"The computers require people to have some typing ability and this has been a hindrance to some," Bishoff said.
"We do need to instruct people to read the screen to retrieve information, but by and large we haven't had any unsolvable issues."
Almost all libraries in Los Angeles County have some kind of automated systems, but only in Pasadena, Glendale and Long Beach does the public have access to them, Bishoff said.
"It just seemed logical to let the public use it," Bishoff said. "People were constantly asking the librarians, 'Will you check the computer?' "
To find a book, patrons follow instructions on the screen. Users have the choice of searching for a book by title, author, call number or subject.
To find a book written by Ernest Hemingway, for example, the user searches under author, and within seconds all the titles by Hemingway appear. The patron then tells the computer which book he wants, and the computer indicates which branches have the book, whether the book is checked out, and if so, when it is due to be returned.
Bishoff said that patrons using the computers in the Pasadena branches have had little difficulty in adjusting to the technology.
"I always use it," said 8-year-old Jessica Padilla, a third-grader at San Rafael Elementary School in Pasadena. "It's faster than the other way. It's easier to read, and all you have to do is push buttons."
Another library user, 64-year-old Eddy Levinson of Pasadena, has found the adjustment easy.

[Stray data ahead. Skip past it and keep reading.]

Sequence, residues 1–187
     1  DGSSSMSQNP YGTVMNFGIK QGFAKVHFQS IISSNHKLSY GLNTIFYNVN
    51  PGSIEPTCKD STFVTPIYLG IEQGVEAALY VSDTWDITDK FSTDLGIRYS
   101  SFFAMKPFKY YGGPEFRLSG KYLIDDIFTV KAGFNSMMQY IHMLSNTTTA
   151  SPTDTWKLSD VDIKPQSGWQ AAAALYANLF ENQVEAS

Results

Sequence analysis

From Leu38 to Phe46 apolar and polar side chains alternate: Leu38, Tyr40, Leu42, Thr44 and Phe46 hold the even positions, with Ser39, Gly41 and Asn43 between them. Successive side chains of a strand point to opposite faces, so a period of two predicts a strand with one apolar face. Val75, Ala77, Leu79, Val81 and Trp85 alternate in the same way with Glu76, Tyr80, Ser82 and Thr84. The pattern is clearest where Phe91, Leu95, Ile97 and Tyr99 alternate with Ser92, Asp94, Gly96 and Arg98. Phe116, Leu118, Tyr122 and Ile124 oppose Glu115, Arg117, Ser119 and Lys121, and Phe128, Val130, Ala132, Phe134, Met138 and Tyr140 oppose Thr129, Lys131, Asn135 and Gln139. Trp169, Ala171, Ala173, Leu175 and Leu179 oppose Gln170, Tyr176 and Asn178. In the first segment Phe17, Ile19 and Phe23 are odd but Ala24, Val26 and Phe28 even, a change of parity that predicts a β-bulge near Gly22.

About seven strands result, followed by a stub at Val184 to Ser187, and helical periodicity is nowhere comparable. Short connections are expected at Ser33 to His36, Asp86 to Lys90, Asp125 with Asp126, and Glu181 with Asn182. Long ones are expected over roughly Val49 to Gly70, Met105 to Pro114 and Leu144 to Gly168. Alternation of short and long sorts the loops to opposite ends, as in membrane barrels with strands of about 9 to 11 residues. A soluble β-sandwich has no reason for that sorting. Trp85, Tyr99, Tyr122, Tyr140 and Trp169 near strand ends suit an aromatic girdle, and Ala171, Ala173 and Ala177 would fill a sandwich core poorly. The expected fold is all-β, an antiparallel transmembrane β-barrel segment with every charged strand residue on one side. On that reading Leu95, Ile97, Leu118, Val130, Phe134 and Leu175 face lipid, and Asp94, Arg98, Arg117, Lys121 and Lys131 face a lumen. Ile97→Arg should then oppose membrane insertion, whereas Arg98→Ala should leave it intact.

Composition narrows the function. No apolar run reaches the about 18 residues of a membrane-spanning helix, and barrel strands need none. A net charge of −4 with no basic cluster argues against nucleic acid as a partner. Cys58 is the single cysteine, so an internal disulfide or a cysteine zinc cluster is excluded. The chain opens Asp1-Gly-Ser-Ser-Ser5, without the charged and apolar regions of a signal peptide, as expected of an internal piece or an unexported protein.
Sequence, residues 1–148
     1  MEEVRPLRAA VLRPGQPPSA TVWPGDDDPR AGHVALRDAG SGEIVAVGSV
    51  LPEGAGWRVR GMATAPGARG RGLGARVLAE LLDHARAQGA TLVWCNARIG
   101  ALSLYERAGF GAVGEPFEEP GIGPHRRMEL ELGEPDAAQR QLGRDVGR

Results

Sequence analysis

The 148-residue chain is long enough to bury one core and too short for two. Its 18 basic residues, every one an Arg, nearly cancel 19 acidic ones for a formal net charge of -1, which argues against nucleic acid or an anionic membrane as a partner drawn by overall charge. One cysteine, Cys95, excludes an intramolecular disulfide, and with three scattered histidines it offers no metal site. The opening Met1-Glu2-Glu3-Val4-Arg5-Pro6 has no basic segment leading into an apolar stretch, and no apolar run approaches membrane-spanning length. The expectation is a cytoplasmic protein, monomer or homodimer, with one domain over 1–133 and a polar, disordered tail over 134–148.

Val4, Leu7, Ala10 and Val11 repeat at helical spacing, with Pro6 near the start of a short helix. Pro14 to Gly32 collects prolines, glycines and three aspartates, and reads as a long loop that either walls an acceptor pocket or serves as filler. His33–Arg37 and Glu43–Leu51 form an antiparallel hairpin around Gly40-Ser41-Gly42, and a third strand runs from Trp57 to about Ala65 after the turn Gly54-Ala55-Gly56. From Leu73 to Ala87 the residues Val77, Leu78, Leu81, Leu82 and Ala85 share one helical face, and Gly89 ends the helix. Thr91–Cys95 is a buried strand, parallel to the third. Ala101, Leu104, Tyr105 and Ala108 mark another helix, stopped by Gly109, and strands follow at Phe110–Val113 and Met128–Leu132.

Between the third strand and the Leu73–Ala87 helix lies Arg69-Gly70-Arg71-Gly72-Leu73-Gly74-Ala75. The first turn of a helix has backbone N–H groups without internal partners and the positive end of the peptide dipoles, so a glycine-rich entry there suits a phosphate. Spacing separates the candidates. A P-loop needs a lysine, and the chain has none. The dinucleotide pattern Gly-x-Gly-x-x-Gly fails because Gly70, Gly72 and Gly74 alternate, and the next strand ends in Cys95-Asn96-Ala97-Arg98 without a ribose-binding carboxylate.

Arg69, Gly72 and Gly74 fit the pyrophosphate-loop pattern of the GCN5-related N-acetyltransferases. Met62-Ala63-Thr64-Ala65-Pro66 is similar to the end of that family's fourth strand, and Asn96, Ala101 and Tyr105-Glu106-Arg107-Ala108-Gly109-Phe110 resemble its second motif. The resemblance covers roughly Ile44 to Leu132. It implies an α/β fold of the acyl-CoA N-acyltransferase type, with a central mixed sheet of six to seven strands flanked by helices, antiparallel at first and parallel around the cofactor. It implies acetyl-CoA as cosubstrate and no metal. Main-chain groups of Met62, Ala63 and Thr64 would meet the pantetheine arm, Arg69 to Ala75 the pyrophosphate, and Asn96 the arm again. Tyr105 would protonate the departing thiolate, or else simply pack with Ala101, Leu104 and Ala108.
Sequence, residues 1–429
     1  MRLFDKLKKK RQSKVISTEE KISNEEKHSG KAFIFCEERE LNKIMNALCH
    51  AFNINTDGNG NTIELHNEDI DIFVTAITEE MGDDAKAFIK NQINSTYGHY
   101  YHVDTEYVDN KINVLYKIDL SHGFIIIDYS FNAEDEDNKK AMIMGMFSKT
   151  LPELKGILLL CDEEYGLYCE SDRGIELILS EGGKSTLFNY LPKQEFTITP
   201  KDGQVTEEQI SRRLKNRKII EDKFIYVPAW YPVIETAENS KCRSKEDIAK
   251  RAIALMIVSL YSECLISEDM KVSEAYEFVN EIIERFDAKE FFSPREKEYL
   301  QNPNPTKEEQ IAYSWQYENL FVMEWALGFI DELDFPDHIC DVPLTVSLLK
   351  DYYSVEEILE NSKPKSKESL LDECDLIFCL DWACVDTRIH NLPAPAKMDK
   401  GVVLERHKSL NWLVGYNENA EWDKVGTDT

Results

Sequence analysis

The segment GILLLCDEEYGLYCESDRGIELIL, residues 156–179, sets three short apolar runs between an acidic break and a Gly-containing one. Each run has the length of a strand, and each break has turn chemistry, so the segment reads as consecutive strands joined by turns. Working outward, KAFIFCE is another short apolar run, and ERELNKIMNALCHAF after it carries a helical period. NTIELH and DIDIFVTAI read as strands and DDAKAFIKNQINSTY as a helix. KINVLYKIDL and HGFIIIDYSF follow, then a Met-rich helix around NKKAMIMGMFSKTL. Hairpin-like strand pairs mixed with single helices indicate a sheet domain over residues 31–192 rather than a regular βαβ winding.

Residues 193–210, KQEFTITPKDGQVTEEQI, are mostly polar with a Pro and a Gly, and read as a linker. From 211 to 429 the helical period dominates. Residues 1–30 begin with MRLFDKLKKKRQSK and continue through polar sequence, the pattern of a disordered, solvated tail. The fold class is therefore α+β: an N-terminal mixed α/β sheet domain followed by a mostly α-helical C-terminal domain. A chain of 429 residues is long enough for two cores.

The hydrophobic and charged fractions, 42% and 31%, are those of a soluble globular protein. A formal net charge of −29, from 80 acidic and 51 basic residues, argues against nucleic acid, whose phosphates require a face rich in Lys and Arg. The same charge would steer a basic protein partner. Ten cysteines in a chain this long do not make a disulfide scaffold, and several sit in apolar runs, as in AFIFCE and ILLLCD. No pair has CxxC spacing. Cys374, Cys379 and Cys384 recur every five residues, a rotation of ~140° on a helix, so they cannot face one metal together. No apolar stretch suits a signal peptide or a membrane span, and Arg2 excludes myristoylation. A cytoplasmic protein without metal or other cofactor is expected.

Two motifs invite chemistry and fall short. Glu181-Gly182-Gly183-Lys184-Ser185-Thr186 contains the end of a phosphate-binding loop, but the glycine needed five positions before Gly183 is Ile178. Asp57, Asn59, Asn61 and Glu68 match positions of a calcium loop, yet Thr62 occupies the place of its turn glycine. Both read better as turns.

'A Great Idea'
"It's a great idea. It's quick and the information is right in front of you," Levinson said.
"I have to look through all the cards in the card catalogues and lots of times I don't know if its the right book. I spend 15 minutes sometimes looking through cards and checking the shelves. Most of the time I didn't know if it was checked out or not and it was just a big waste of time," she said.
Several other library systems in Los Angeles County, such as Pomona, Torrance and the city of Los Angeles, are planning to install similar automated card catalogue systems for their patrons.
The Torrance library expects to put in a $350,000 computerized catalogue system for the public early in January , said Library programs administrator Robert Newhard.
In addition to cataloguing books, the Torrance computers will provide patrons with public service information and a calendar of events.
The Pomona Public Library's $290,000 computer system, which will be installed early next month will keep data on 170,000 titles. The library will save a significant amount of money each year by using the computer system, said Greg Shapton, principle librarian of the Pomona Public Library.
"We'll save $20,000 just in labor alone by not having 100,000 cards going in and out of the card catalogues due to editions and deletions. It's a full-time job maintaining the card catalogues," Shapton said.
"We'll save another $5,000 by not buying the cards."
The city-operated Central Library of Los Angeles, one of the largest in California, has not installed a computer system for the public, primarily because it has not been able to afford a publicly accessible computer large enough to store data on the library's 6.5 million books.
"The size of our library would make the installation a major expenditure," said Elizabeth Higbie, the assistant director of Technical Services at the Central Library of Los Angeles.
The staff now uses computers to check books in and out of the library, reserve books and keep records on lost and overdue books.
However, Higbie added that the county library system will probably add automated card catalogues for patron use within four or five years.
Smaller library systems such as those in Whittier and Downey would also like to automate, but cannot afford the expense.
"Money is the major factor," said one Downey staff member who asked not to be identified. "The systems themselves are very expensive. They are into the thousands of dollars. At this point other things take priority over this."